Imagine a world of lurid and sexy deception, a world where the women and men are physically attractive but cannot be trusted, a world where fortunes are easily found and easily lost, a world where anyone who works for a living is a fool, and where violence is always just about to happen. That is the world of Jim Thompson’s novel The Grifters.
There is a plot to the novel (or at least a storyline of vividly realized scenes) that feature Roy Dillon, his mother Lilly Dillon, and his lover Moira Langtry, but the plot is not the most important aspect of Thompson’s noir classic. Instead, what matters are the feel and taste of the grifters’ world—dirty and hollow, but also addictive and alluring—and the commentary the novel makes on our own society. Published in 1963, when most of America was still living an ideal of normalcy established in the 1950s, The Grifters is lit by the neon gleam of the worst elements of the American dream. The novel’s characters move west to California, conning and manipulating others to make a fortune, but it is a desperate and, for many of them, deadly existence.
The Grifters opens with Roy Dillon in action—and erring in ways that will change his life forever. He tries to con a drug store clerk into both giving him change for a twenty-dollar bill and the bill itself back. The clerk gets angry and smashes Roy in the stomach with a baseball bat. Roy manages to make it back to his room at the hotel where he lives. Once home, he talks on the phone with his lover, Moira Langtry, who comes over. After they make love, Moira starts a conversation about their future, and this starts Roy thinking about how they had met. He proposes that they leave Los Angeles for the weekend and go to La Jolla, a seaside community in San Diego, California. Moira agrees.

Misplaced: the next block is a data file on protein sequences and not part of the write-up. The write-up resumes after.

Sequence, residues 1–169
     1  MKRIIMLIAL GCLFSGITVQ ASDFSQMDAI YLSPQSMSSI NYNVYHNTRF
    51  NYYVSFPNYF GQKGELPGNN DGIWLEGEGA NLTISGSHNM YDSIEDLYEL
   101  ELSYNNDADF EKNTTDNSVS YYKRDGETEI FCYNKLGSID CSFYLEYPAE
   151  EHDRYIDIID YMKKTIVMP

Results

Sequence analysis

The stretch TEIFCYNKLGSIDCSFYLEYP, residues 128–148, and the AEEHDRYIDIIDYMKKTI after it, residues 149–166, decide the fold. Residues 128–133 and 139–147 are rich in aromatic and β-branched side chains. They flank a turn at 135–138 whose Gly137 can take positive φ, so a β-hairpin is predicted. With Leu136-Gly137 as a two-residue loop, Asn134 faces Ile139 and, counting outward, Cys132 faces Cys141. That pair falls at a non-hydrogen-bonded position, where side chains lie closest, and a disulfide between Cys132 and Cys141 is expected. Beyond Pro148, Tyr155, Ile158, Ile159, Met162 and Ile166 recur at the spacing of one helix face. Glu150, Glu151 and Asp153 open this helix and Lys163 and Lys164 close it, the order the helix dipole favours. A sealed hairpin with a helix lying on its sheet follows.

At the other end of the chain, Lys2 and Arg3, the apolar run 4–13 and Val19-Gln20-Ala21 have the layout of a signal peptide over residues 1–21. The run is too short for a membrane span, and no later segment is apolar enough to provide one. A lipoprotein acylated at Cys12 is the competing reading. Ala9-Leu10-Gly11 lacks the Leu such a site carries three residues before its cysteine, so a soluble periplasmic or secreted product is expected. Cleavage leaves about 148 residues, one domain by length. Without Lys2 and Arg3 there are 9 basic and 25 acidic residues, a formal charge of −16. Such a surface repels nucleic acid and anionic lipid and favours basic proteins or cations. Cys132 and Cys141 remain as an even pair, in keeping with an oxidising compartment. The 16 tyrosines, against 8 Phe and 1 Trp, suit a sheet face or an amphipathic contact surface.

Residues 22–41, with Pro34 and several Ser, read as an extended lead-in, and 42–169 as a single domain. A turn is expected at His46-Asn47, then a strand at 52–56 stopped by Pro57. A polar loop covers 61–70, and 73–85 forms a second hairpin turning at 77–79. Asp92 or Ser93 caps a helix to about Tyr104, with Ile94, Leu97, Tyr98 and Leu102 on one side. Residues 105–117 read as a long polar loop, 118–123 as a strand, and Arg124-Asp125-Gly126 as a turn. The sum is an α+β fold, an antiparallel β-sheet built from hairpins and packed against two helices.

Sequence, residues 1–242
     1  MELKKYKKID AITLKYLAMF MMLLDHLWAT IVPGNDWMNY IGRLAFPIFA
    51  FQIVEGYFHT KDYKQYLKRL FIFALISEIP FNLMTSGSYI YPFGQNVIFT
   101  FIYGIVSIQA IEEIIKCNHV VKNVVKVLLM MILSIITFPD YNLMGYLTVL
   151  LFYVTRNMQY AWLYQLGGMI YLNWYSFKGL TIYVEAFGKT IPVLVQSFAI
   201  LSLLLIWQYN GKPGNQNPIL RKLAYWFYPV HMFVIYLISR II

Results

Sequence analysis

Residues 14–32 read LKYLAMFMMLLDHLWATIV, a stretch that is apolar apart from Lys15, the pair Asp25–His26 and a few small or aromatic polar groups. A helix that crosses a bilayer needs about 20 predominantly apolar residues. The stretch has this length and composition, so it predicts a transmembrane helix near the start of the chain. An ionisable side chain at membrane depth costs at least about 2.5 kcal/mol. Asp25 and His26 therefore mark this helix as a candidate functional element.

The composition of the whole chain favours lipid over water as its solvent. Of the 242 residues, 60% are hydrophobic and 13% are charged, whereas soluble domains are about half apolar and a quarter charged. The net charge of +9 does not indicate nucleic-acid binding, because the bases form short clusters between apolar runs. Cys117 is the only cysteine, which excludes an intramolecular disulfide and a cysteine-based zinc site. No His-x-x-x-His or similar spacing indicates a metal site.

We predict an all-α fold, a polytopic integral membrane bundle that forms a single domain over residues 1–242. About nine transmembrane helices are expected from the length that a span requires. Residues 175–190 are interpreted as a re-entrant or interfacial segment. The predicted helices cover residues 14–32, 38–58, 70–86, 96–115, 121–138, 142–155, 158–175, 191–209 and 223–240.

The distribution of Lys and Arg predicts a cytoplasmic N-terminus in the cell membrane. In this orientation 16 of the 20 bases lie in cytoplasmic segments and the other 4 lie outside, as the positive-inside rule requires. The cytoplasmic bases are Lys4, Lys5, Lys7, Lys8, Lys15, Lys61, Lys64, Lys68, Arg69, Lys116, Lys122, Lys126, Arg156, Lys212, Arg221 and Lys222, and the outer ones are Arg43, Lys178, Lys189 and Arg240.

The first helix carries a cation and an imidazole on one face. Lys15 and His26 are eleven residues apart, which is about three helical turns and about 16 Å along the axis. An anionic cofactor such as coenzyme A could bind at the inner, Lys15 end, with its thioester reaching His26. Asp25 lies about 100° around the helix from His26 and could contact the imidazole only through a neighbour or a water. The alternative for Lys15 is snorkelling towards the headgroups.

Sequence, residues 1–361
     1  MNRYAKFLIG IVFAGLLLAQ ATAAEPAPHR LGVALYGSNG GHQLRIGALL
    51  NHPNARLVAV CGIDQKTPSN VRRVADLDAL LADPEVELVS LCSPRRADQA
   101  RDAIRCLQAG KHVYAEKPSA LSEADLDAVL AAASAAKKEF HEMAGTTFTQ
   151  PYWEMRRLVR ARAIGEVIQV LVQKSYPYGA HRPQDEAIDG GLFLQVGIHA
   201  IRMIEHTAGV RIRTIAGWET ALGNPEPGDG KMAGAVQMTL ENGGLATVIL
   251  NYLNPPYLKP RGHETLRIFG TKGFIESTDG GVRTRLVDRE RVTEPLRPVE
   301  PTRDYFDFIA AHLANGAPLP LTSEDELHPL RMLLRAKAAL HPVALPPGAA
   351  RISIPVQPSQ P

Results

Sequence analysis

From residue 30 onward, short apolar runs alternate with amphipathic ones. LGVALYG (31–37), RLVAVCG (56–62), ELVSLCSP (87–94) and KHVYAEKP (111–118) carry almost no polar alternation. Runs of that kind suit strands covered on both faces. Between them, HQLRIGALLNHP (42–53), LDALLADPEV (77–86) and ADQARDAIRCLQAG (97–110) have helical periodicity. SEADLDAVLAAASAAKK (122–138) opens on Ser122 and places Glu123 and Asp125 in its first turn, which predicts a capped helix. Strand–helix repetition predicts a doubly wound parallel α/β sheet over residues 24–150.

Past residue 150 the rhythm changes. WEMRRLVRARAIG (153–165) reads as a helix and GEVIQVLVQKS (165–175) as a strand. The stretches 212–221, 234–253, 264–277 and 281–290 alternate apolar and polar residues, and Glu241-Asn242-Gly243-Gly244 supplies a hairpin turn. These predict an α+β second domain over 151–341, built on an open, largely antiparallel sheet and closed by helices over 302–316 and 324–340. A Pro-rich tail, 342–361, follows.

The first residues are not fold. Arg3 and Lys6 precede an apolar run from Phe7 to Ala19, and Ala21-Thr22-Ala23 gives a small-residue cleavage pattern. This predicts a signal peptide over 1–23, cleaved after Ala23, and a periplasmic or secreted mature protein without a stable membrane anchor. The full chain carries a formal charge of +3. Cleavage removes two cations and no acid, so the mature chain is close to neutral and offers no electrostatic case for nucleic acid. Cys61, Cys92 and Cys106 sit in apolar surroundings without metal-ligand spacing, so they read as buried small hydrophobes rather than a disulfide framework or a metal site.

Roy feels sick to his stomach after Moira leaves, but he is not alone long before his mother, Lilly Dillon, arrives. Roy has not seen his mother for seven years, but she does not seem to have aged. Lilly explains that she is in Los Angeles on business. As they are talking, Roy’s stomach pain gets worse, and Lilly steps in to help him, calling an ambulance and issuing orders. While Roy is in the hospital, Lilly hires nurses to care for him once he is home.
Roy is attracted to one of the nurses, Carol Roberg, and begins a relationship with her. While Roy is recovering, Lilly spends time at the racetrack, running an extended con to launder dirty money using losing tickets. When she goes out to her car, she finds her boss, Bobo Justus, waiting for her. He has realized that she is running her own cons, which may jeopardize the cons that she is doing for him. Bobo has Lilly drive him to her apartment, where he burns her hand with a cigarette and beats her so extensively that she urinates on herself.
Meanwhile, Moira continues her grifter path through life, drinking and thinking contemptuously about those around her, remembering her past, and then sleeping with her apartment manager to pay her rent. Afterward, she tries to sell her jewelry but finds that it is all fake. She offers herself sexually to the jeweler, but he refuses.
As Carol has been taking care of Roy, they have become more and more attracted to one another. They eventually sleep together, but Roy is disgusted when he learns that she was in a concentration camp, where she was sterilized and sexually abused. He tries to cover up his thoughts and recover from his reaction, but she sees it and leaves him.
Not wanting to be in debt to his mother, Roy paid her back immediately for the nursing care, but he now goes to her to talk about Carol. They argue about how Lilly raised him, and both try to...
(The entire section is 1061 words.)